December 4, 2015 – December 11, 2015
As we start this period we are in the midst of a stalled front delivering rain through the weekend which will be followed by some significant wind. Not good fishing conditions. But that all settles down post weekend. Those winds, again, will be easterly and kind to the fishing conditions. You may see the waters kicked up a bit in the backwater bays and flats especially on the outgoing tides but the incoming should be clean and green. With the lunar phase heading to a new moon at the end of the period you’ll find a very mild morning outgoing tide followed by a moderately robust PM incoming. But neither side is really racing. The early week frontal passage will add another slight dip to the water temps and you should see the first 60 degree water this week.
As noted last week, the key factor now controlling species availability is the changing water temperature. As the temperature continues to fall it provides a trigger for many of the species available here to either depart for warmer water or head our way. You should see the snook bite slowing as the linesiders like 70 degrees and above. The bigger snook will slow their feed first and the juveniles some weeks after. Redfish should act the opposite and turn on as the water cools down, especially now in their spawning period. Should see good to great action in the Bay’s i.e. Rookery, Johnson, and Addison working the shallow edges late in the tides with shrimp freelined or set out under a popper. You’ll also notice that it’s much harder to find those big keeper snapper now as conditions change……lots of little ones around however. Best technique on the “take home” snapper is to work the half hour on either side of slack water on you’re favorite spot. The cool down will influence species like sheepshead, black drum, flounder, whiting, seatrout, to kick into action and you may begin to see these species in the weeks ahead.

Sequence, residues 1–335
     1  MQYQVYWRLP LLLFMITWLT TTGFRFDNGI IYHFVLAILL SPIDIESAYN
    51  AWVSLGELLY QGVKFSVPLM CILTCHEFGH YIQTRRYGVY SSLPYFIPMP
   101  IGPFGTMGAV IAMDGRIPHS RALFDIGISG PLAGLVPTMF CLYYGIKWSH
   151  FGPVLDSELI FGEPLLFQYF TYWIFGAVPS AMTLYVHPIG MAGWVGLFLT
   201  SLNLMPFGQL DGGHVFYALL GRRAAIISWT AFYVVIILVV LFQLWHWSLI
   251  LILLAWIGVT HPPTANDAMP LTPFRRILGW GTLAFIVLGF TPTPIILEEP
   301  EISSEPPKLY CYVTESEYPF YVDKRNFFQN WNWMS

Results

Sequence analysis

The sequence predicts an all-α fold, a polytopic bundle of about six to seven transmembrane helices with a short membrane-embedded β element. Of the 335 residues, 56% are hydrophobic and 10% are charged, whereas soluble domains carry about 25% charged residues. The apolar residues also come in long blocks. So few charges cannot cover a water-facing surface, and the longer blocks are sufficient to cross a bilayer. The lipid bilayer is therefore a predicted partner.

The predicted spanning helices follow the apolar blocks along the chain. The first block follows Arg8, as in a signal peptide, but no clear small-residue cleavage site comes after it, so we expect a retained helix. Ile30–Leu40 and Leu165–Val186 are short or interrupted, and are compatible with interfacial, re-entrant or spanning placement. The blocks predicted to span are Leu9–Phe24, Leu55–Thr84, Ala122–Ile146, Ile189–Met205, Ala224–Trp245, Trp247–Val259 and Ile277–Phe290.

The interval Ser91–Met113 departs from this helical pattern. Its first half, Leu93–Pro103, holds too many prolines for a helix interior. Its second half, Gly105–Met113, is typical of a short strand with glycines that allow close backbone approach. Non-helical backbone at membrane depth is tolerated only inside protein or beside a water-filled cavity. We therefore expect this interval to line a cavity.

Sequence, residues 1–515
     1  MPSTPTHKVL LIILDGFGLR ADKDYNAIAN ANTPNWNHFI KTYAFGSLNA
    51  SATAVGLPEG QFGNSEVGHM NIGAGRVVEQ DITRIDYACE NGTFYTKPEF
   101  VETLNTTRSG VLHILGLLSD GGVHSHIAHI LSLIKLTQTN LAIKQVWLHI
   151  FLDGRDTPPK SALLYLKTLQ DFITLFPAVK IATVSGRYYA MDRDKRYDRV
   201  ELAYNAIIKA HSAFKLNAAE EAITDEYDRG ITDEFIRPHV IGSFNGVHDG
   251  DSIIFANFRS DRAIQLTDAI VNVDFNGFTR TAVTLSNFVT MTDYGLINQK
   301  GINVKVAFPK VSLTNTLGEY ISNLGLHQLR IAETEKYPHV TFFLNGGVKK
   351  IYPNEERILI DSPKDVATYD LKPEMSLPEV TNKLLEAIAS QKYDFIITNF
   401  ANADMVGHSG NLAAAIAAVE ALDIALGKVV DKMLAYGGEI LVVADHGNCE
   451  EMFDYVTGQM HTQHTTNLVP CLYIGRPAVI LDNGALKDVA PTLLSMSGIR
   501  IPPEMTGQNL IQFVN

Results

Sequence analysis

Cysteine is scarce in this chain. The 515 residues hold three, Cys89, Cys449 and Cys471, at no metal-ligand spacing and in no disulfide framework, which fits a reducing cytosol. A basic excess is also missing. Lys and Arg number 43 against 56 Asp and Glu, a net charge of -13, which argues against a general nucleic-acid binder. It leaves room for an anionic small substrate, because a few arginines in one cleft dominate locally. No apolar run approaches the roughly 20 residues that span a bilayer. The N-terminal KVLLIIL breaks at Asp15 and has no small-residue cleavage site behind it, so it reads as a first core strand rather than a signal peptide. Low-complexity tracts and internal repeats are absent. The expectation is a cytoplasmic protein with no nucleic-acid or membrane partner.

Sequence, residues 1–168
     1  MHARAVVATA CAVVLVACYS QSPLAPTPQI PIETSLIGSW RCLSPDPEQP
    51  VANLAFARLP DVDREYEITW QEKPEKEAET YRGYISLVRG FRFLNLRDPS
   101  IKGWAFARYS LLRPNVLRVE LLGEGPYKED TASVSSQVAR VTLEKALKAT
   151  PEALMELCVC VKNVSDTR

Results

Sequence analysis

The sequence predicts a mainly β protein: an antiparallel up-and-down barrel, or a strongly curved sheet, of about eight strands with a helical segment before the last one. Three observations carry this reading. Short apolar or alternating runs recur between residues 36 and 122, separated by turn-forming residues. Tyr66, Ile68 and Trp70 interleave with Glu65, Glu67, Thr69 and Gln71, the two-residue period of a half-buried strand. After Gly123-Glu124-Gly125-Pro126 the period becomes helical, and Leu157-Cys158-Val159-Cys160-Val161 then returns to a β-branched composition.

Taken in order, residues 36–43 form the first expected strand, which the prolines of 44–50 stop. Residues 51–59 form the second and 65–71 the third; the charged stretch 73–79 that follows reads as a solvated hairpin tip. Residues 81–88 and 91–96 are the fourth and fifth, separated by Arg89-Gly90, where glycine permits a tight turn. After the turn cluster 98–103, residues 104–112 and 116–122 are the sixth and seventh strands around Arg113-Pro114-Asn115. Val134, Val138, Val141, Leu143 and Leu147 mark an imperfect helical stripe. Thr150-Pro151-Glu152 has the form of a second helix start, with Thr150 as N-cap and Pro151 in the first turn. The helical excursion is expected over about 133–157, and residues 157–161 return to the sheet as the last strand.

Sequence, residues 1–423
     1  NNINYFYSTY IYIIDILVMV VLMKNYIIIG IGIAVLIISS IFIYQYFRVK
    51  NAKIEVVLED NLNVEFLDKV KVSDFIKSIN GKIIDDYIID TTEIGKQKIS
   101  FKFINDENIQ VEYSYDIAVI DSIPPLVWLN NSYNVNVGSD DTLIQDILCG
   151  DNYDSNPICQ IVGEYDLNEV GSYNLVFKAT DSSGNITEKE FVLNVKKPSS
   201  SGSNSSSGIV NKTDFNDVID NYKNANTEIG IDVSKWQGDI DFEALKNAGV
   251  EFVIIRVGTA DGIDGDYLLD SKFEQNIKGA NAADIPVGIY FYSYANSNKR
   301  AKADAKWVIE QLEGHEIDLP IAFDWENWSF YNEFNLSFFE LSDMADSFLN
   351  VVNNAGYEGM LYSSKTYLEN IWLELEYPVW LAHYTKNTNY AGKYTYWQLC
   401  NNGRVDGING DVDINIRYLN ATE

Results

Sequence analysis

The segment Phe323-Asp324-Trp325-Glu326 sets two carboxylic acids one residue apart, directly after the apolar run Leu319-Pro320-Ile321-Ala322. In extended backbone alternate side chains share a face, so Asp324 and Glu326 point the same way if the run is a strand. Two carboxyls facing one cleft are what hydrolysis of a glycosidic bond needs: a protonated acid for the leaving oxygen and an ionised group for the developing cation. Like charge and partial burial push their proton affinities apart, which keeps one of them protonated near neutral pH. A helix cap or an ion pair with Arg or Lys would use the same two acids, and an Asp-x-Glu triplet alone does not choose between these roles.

As conditions settle down post front, look for good action along the first and second string of reefs on pelagics like the mackerel, bluefish, jacks and lady fish out there attacking the bait schools that move into place as fall / winter conditions kick in. Can get into the action in two ways. First, is to stay mobile and work the edges of the surface eruptions of bait and diving birds with a top water jig either cast or trolled on the perimeter of the action. The alternative is to anchor up on a reef spot, toss over a netted block of chum and work those same jigs in the slick that will be drawing and holding those pelagics in the slick. Either method works. But if you chose to anchor up you might have a good chance for something bigger by setting out a live bait running ten feet or so off the bottom. Those cooler water temperatures here are cold up in Florida Panhandle where cobia, kingfish, permit have been summering and they are in transit past here as they feed heading to the winter warmth in the Keys. With a bait in the water you always have a chance.
As has been the case here for months, the best opportunity in deeper water has been on red grouper. With the harvest closure continuing at least until 2016 in federal waters, you’ll be limited to working state waters (0-9 miles from the closest point of land) over hard bottom working a live pinfish or cut lady fish tight to the structure. Keep the drag tight on your reel because the first reaction from the hooked fish is to dive back into it’s hole……once there, it doesn’t come back. Red grouper need to be 20″ overall length to harvest and you can keep two per day.